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Econet launches eTXT, erases line between SMS and the Internet

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A little more than 3 weeks ago, we reported that Econet was working to launch eTXT, an application that allows you to communicate seamlessly with Email, Chat, and social networks through basic SMS. The service was live when we posted the article but you could only access it if you knew it existed.

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Well, eTXT is now officially available to the public on www.etxt.co.zw. Econet has started advertising the service. Like we said last time, this is one product we think is going to be a game changer. The potential impact on increasing accessibility to internet services even for people not connected to the internet is very significant. In fact, it blurs the line of what it means to be connected to the internet.

Communication between a basic SMS-able phone (in other words, every mobile phone under the sun) and internet services just happens almost effortlessly.

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The application itself is a product of ForgetMeNot Africa and has already been launched on some networks across Africa, Including Econet Lesotho.

You can read our previous report on eTXT to get an idea of how it works. The ForgetMeNot Africa video below also explains graphically the concept of eTXT.


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26 thoughts on “Econet launches eTXT, erases line between SMS and the Internet

  1. Its working for me perfectly. The pricing however must be revised. imagine, i am live on facebook chat and i get some dozens of text messages, which if I am on the internet cost next to zero cents. Now if i reply on my “sms only phone” i get charged 7cents. I guess thats a little oppressive of econet there, because they are making a lot of bucks out of Facebook’s free service.

  2. The service is quite okay, but such services should not be a quick fix to the internet disparities existing in the country. This etext service is an archaic invention and when such technologies are dumped into zimbabwe it means someone wants to reap someone as archaic technologies are reproduced to swindle us our monies. Myself I send close to fifty emails per day, my notifications, chats messages run into hundreds and if I am to use this etext service I will go broke since the service sets me back 7c per message. Apart from that this service is going to damage people eyes and thumbs as they try to clear their conversations loops. Its sad that when we expect Econet to launch services as voip and webtv they are taking us down memory land.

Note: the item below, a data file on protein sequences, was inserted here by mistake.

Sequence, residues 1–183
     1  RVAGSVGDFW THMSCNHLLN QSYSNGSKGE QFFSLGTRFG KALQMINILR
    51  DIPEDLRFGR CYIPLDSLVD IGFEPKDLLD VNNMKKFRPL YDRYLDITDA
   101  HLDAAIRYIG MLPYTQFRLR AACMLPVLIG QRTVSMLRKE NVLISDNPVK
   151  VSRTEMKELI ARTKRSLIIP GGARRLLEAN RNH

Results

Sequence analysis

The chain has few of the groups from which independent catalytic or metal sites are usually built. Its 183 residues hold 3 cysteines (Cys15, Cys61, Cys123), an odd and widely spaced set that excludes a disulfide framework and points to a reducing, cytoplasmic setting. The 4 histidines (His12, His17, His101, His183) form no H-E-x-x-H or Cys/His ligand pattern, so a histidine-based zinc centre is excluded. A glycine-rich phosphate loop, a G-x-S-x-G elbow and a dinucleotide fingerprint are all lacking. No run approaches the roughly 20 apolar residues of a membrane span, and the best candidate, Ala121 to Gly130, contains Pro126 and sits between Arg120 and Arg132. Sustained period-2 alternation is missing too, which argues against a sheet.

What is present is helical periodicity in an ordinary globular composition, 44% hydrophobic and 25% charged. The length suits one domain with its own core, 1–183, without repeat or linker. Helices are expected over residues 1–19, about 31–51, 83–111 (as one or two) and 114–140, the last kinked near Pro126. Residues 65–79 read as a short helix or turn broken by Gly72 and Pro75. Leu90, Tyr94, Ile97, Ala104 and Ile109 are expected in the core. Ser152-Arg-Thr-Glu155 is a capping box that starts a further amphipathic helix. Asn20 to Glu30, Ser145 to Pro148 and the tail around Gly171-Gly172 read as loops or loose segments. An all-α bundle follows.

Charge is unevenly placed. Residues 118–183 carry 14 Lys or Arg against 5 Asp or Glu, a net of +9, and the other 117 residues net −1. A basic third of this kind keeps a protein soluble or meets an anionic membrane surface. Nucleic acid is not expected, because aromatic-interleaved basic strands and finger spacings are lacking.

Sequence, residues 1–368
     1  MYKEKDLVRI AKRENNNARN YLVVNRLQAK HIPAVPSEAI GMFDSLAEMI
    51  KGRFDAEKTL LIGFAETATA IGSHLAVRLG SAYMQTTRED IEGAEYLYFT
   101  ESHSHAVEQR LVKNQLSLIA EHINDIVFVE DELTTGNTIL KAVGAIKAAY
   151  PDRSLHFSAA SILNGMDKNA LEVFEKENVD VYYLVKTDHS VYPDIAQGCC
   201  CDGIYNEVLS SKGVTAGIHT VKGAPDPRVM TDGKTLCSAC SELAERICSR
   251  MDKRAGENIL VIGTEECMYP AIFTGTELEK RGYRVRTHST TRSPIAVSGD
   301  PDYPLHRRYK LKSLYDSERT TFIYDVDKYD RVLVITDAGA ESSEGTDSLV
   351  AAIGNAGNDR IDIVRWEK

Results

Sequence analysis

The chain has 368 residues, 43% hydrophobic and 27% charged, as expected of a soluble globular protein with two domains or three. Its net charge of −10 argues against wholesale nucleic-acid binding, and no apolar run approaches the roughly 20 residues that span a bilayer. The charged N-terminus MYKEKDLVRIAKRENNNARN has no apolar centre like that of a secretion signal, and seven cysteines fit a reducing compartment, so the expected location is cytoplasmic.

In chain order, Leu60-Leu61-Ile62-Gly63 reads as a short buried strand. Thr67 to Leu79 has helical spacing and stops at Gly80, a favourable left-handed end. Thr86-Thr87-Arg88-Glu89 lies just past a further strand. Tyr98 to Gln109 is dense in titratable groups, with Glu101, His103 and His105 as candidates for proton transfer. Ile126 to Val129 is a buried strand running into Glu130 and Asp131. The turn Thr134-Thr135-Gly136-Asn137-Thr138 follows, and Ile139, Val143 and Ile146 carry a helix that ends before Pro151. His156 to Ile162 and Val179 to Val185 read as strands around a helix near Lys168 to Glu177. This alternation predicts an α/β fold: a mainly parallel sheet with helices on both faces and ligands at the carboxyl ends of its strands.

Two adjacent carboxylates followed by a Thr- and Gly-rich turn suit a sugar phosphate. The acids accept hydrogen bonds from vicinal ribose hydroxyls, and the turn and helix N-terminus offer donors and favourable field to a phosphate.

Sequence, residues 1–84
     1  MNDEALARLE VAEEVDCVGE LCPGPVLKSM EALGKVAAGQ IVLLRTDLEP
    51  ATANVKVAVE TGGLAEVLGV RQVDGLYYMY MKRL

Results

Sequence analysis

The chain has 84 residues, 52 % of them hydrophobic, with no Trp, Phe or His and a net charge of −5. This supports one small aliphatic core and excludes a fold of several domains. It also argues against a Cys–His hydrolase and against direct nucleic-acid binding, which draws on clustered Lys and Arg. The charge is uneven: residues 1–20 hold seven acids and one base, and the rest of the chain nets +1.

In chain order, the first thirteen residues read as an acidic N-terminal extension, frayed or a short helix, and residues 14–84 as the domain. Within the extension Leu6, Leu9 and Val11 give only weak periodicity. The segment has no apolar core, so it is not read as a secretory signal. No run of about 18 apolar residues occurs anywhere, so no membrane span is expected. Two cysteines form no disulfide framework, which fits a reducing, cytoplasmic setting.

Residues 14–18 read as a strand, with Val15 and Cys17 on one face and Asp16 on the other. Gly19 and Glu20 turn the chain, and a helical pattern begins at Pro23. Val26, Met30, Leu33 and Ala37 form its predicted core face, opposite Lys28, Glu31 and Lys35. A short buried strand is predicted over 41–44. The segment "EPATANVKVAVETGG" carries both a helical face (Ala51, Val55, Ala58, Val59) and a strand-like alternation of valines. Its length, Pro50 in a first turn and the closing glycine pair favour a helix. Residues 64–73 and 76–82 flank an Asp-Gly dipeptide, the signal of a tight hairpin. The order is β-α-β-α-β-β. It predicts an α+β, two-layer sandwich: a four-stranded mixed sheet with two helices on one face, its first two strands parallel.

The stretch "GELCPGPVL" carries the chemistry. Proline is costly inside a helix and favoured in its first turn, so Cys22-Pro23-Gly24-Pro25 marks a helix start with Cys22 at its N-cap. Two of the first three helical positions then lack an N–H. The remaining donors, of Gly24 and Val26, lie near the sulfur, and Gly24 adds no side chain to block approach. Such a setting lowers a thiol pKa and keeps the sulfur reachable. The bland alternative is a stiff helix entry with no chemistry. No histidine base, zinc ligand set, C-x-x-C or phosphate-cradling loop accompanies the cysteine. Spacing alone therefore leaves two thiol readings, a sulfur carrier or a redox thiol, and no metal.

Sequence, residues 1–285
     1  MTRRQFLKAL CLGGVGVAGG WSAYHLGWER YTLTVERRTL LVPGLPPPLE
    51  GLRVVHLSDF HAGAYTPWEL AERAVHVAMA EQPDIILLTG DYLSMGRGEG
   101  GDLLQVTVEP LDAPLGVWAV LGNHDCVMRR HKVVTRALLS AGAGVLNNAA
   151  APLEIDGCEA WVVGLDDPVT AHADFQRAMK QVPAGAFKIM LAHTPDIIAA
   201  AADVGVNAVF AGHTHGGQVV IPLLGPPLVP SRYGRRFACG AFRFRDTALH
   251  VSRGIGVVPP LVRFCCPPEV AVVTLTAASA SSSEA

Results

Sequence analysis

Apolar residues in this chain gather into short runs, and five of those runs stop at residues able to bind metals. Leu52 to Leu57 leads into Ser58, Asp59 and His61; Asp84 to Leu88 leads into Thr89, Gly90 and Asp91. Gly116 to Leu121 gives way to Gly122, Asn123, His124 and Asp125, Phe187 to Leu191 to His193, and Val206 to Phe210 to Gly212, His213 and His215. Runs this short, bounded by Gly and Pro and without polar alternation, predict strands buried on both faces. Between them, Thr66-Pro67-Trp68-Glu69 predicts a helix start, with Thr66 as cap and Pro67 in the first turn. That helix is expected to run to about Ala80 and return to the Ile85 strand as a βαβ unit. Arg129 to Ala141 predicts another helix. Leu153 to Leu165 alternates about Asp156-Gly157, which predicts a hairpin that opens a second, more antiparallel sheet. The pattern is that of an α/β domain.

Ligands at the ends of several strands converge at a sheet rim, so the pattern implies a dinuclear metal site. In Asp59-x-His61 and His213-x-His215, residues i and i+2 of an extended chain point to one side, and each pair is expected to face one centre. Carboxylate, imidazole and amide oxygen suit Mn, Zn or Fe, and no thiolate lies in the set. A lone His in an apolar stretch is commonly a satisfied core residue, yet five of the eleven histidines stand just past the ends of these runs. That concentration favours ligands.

1. not sure I understand. Making it possible for you to send emails using SMS is, in your opinion a bad thing?

      1. sending an email via sms in 2011 does not make sense. it could have made sense if we were in the early or late 2000. Who would want to be charged 7 cents to send an email?

        1. You do realise there are millions of mobile subscribers who don’t have access to the internet right? These subscribers don’t have smart phones.

          Did you watch the video in the article to get what scenarios this is for?

          1. thats true, if yourself you were charged 7 cents per message you might have gone broke by now, yet you are much more financial secure than the rural folk who you want to adopt the platform. The thing is that people will have the internet which they might not be able to use because of cost and the technlogy will be sort of some top to bottom platform which will be weak on interchange. I told my friend in Chipinge to sign up for the service and I had been sending him stories from the web and over the past week and at first he liked it but right now he is now asking me to remove him from some alerts and stuff like that. He told me that his battery wasn’t lasting much and the MORE 100 procedure is frustrati

            1. Scenario:

              You apply for a job from an internet cafe because you don’t have an internet connection on your phone. You get a call 1 week later on your cell phone while you are in the Roots and a secretary tells you that you have been shortlisted for an interview and her manager will send the interview day to your email address that day!

              What would you do?
              Would you still think this is useless?

              THIS IS A GREAT PRODUCT!!!

  3. thats true, if yourself you were charged 7 cents per message you might have gone broke by now, yet you are much more financial secure than the rural folk who you want to adopt the platform. The thing is that people will have the internet which they might not be able to use because of cost and the technlogy will be sort of some top to bottom platform which will be weak on interchange. I told my friend in Chipinge to sign up for the service and I had been sending him stories from the web and over the past week and at first he liked it but right now he is now asking me to remove him from some alerts and stuff like that. He told me that his battery wasn’t lasting much and the MORE 100 procedure is frustrating.